Change Your Posture By Breathing

 Stand up straight and realize who you are, that you tower over your circumstances.”

– Maya Angelou

Posture

The typical way we are told to fix our posture is to stand up straight, lift your head, and throw your shoulders back. To maintain this position as the only way to gain true correct posture is very fatiguing and not evidence based.

Another common way we are told to improve posture is by strengthening our back muscles and stretching our anterior chest and shoulder muscles. Strength is a powerful tool to create postural changes. I would argue though that general strengthening is just as valid as targeting strength for specific postural muscles. So challenge yourself to be strong in many areas.

When it comes to changing your posture, move often and in a variety of ways. Incorporating breathing practices is another way to create postural change as it has an affect on stress, strength, and mobility.

Below is a video on ways to incorporate breathwork with postural mobility exercises.

 

The Diaphragm

The diaphragm is a flat muscle that sits as a dome shape and lies in between our thoracic cavity and our abdominal cavity. When we inhale it lowers to make room for the oxygen entering our lungs. The lung expansion means our lower rib cage expands laterally, anteriorly, and posteriorly. When we exhale the rib cage narrows and the diaphragm returns to its resting position.  

Diaphragmatic breathing is generally described as the opposite of shallow breathing. Shallow breathing refers to less expansion and more of a shallow vertical rise on the upper rib cage.

Movement in a variety of different directions and positions can change the feeling of postural stiffness. Diaphragmatic breathing is another form of movement but from the inside out, thus creating change on how the body feels and moves.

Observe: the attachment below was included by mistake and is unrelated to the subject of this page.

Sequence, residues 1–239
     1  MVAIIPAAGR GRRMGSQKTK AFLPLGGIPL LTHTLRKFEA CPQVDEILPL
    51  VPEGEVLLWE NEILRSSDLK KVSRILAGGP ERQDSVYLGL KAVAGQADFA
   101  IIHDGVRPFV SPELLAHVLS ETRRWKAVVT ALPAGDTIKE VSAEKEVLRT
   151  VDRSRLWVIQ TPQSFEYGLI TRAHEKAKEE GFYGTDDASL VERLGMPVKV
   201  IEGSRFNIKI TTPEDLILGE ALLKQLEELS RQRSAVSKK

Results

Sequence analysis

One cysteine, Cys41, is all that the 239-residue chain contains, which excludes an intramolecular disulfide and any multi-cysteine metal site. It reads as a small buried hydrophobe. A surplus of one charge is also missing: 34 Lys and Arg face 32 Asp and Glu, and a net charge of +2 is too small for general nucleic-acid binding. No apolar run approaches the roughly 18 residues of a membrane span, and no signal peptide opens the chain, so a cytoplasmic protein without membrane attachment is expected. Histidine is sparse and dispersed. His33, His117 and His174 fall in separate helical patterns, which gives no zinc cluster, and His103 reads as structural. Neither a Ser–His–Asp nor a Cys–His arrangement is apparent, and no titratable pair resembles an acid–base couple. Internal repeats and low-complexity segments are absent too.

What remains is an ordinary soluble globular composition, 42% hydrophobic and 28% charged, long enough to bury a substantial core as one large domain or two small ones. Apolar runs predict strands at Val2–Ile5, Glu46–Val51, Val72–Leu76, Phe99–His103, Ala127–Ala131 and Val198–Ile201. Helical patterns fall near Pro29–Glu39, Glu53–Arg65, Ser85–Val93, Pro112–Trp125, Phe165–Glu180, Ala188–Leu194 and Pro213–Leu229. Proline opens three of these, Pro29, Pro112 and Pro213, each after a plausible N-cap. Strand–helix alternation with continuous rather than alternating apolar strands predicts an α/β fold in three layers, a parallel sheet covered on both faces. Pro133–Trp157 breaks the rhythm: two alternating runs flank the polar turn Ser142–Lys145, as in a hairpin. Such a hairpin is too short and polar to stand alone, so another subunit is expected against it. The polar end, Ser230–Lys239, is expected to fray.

Diaphragmatic breathing works on both the mobility of your thoracic cage through rib movement and the strength of your core due to its position as the roof of the core. Its activity as a core muscle works in conjunction with the transverse abdominus, internal and external obliques, quadratus lumborum, and the pelvic floor muscles.

Core and pelvic floor function

Your core is not just your 6 pack abs. The core consists of muscles in the front of the abdomen, the back of the trunk, the diaphragm, and the pelvic floor muscles.

Breathing is used widely as a strategy for creating change in pelvic floor dysfunction. To dive in to this more, check out this article on why breathing is better than kegels.

In a study testing the correlation of the pelvic floor muscles with the diaphragm, it was concluded that the diaphragm and the pelvic floor muscles have an equal co-contraction; use of one makes the other more efficient. The researchers explain, “Abdominal muscles like the pelvic floor and diaphragm contract together to protect the organs against the pressure…the pelvic floor muscles are indirectly involved in breathing.” 

Stress response

One of the amazing qualities of the diaphragm is that it can improve both posture and stress. Yes, diaphragmatic breathing actually lowers your stress levels. There was a study a few years ago out of Stanford that studied the effects of breathe work in veterans suffering with PTSD. PTSD can be shown as a prime example of both emotional and physical tension. Breathwork is breathing with the diaphragm in specific patterns like inhale, hold, exhale. The results they found were amazing.

Through breathwork, the veterans experienced a calmer mind and a calmer body plus were able to reduce their medication.  They were reported to have more focus and less reactiveness. How so? Not only through a better flow of oxygen to the brain and body but diaphragmatic breathing actually helps to reduce the fight or flight response of the body and enables the rest and digest response.

The fight or flight response is necessary, but we don’t want to live there continually. We need to stop thinking of posture as only a mechanical issue and consider that chronic stress can affect postural tension much more than maintaining a specific “poor position”.

Diaphragmatic breathing can improve your stress response, improving core and pelvic floor efficiency and  improving spinal and trunk mobility. The breath is a pretty powerful tool.

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